We live in an age of great moral confusion as we transition from theism to atheism. Two thousand years of Christian theism has twisted our innate moral sense away from its natural foundation in our own selves and replaced it with arbitrary rules dictated by an inscrutable god. Atheists react by denying there are any objective moral values at all, not knowing there is a third way. Both the theist and the atheist are wrong. This error is so deeply engrained that some Christian apologists, most notably William Lane Craig, are confident that merely asserting there would be no morals without God to “ground” them is sufficient to prove that God exists. There is a great irony here. He exposes the fundamental logical incoherence of his argument in his article Keeping Moral Epistemology and Moral Ontology Distinct. He simultaneously insists that “keeping the distinction between moral epistemology and moral ontology clear is the most important task in formulating and defending a moral argument for God’s existence of the of the type I defend” even as he admits that “we do not need to know or even believe that God exists in order to discern objective moral values.” Simply stated, Craig destroys the natural unity of being and knowing which we explored above. Just as Bill Clinton had to obfuscate the meaning of “is” to hide his damaged integrity, so Bill Craig must attack the inextricable unity of ontology and epistemology to foist his proof of God upon his philosophically unsophisticated audience. His error is as obvious as it is egregious. Objective moral values are real and are based on the objective ontology of what we are – the integrity that defines us as a self and as an integral member of society. The moral value of any action depends upon the nature of that action and how it affects others. We know if something is moral because of what it is and how it affects the unity of self and others. Ontology and epistemology, though separable in principle for careful philosophical discourse, are inseparable in practice. I explain this in more detail in my article The Golden Rule and the Foundation of Objective Morality.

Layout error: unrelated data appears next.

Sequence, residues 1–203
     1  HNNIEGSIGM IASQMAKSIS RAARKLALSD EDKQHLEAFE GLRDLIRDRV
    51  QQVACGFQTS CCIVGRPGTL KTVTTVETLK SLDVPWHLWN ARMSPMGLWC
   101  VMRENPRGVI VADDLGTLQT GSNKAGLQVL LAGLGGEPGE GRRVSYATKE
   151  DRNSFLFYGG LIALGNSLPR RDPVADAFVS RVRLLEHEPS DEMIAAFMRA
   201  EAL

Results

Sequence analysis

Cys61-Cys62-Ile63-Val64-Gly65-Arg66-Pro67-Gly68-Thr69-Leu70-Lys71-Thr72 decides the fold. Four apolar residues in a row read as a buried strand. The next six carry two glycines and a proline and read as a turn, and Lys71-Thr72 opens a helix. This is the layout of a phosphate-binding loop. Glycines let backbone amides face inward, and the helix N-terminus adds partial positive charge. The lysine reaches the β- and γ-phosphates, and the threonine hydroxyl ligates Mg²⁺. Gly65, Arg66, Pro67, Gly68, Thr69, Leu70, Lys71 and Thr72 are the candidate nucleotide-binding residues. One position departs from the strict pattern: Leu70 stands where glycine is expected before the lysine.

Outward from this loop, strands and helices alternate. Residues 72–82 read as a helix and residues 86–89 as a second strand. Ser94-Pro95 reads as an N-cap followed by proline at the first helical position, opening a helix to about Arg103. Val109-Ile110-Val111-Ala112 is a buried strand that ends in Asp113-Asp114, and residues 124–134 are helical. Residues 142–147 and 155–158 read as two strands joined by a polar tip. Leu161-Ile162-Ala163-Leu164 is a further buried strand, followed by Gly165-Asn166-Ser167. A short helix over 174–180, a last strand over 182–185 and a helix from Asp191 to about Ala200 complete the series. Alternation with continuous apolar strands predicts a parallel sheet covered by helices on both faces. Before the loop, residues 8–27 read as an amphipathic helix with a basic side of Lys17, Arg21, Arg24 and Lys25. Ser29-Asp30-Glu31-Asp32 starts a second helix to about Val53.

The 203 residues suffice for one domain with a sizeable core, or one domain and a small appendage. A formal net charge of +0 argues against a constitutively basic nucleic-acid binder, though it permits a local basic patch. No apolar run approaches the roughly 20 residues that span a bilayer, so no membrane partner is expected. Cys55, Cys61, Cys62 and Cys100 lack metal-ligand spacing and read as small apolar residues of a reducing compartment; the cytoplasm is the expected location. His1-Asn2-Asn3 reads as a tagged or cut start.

Love: The Integrity of Consciousness